Watering with a purpose


I grew up in the Midwest and our biggest concern was whether March would come in like a lion or a lamb according to the blowing winds. February has dealt some windy days involving drought and blowing dust here in the lower desert — and we are ready for spring.

This year, I want to remind everyone to conserve water. The state of Arizona is in extreme drought and has been for many years. Our major rivers and lakes are showing dropping water tables, the white rings around the edges of reservoirs like a ring around the bathtub.

And as summer approaches and the temperatures start to rise, the water levels will only continue to dissipate.

It doesn’t mean that you must sacrifice fresh fruits and veggies. There are ways to enjoy the value that a garden brings. We just have to be smart about it. It’s possible to have your cake and eat it, too.

Here are several things we can do while gardening to save water, including:

  • Learning to use native plants for the desert. They thrive in our area and are drought-tolerant, so they can survive with reduced water.
  • Choose plants for the vegetable garden that take the least number of days to produce, such as tomatoes that produce in 60 days.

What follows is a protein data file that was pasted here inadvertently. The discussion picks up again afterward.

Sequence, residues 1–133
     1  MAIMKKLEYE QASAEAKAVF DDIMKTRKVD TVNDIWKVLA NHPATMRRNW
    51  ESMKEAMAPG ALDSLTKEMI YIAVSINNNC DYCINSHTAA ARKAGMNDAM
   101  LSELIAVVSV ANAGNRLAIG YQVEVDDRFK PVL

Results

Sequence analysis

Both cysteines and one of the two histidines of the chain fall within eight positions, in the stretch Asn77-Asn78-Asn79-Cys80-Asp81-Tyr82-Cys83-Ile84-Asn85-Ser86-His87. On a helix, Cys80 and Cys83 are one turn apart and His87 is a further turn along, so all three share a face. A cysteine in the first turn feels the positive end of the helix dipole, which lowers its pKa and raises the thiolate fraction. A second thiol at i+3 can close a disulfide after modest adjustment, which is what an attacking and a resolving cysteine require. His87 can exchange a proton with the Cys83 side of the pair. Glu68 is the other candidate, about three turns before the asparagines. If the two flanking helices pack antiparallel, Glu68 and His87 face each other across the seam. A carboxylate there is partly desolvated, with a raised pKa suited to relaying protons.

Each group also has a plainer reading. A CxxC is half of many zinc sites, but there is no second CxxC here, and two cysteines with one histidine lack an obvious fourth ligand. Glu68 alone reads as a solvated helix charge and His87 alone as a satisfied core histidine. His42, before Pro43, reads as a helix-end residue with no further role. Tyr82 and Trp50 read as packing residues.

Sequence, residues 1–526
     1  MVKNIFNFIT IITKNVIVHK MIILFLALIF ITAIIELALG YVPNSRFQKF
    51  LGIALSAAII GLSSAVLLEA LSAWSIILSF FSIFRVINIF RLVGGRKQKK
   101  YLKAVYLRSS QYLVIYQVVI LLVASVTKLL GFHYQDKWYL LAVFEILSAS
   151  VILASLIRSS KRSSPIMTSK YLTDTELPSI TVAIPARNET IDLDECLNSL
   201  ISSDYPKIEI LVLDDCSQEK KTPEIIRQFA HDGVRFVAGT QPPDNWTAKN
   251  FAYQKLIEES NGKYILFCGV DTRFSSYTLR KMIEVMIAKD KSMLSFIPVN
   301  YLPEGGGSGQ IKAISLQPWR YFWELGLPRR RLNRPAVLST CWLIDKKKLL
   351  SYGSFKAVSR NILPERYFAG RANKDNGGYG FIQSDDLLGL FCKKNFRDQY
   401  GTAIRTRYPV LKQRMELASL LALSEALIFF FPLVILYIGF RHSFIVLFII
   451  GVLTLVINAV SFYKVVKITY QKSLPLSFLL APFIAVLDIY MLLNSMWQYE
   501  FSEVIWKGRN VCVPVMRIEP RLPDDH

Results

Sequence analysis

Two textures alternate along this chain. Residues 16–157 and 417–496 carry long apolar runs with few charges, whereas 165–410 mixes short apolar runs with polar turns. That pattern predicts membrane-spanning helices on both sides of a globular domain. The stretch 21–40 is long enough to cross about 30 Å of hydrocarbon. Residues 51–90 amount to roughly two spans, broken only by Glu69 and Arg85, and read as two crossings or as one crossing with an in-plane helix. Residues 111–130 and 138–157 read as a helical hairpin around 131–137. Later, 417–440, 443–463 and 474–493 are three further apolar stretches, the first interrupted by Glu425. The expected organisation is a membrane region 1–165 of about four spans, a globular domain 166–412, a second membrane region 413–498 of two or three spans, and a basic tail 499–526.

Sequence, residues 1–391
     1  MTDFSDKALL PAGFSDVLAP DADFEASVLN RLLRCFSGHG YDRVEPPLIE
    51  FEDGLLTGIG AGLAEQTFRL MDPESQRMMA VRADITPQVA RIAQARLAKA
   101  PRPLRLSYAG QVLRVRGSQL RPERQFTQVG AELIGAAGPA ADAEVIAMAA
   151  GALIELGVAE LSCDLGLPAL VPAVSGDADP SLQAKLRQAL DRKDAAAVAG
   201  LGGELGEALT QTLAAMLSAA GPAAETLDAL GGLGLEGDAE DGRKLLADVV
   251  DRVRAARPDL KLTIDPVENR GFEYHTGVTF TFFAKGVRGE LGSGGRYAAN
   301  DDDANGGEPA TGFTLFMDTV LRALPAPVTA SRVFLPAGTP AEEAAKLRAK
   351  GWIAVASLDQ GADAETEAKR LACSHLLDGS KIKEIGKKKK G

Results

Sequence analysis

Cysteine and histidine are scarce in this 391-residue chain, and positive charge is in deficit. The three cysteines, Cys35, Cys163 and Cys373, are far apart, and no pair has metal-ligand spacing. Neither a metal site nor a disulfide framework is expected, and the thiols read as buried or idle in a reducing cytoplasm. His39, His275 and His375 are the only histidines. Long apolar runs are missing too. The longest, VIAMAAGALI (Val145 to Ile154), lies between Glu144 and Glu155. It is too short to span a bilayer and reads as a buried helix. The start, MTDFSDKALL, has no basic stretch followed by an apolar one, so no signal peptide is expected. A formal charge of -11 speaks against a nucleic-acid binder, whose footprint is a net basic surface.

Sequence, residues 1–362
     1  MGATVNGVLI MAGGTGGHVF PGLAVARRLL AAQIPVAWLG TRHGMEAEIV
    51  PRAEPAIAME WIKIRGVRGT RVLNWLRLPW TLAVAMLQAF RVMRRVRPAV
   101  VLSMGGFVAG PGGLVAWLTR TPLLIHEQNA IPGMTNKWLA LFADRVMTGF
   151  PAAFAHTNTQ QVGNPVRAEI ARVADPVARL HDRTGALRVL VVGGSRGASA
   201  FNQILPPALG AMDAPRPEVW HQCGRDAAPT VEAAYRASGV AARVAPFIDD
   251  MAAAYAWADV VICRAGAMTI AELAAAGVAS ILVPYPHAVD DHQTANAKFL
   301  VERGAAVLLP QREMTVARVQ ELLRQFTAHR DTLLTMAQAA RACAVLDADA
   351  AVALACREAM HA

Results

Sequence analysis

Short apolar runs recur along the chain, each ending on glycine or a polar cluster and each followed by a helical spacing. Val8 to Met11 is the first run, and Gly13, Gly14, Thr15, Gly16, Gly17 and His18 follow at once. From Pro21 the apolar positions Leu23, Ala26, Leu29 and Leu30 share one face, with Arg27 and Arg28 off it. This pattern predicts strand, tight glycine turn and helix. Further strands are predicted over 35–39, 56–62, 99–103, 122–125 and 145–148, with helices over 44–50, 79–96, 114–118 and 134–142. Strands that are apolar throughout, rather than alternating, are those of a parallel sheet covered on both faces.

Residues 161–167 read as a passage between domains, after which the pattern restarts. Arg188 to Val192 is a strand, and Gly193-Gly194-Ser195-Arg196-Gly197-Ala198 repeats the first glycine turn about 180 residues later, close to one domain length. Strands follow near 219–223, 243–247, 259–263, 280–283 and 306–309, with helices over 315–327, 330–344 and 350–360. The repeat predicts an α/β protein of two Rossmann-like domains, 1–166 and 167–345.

• Watering garden and plant life is equally important. First, check all your appliances and irrigation sources for leaks. Repair them right away. A dripping faucet or leaky tubing can be expensive in cost and conservation. Frequently check faucets, toilets and irrigation for leaks.
  • Didn’t drink that entire glass of water? Pour the excess into a plant or Rover’s bowl.
  • Learn water requirements for plants and don’t overwater. See the University of Arizona Cooperative Extension “blue sheet” handout for three seasons and frequency to water.
  • Water use should be minimized. Run water only with purpose. It goes beyond how we use water in gardening and landscaping.

Here are some more ideas for conserving water around the house:

  • Use the Navy shower method, which means wet down and wet the soap, then shut off the water. Lather your body while wet, turn on the shower to rinse off, and then turn off the water.
  • When brushing your teeth wet the brush, apply paste and turn off the water while brushing. Turn on to rinse. Don’t allow water to just run down the drain.

Harriet A. Phelps is a Master Gardener.


This column was first published in the March edition of InMaricopa magazine.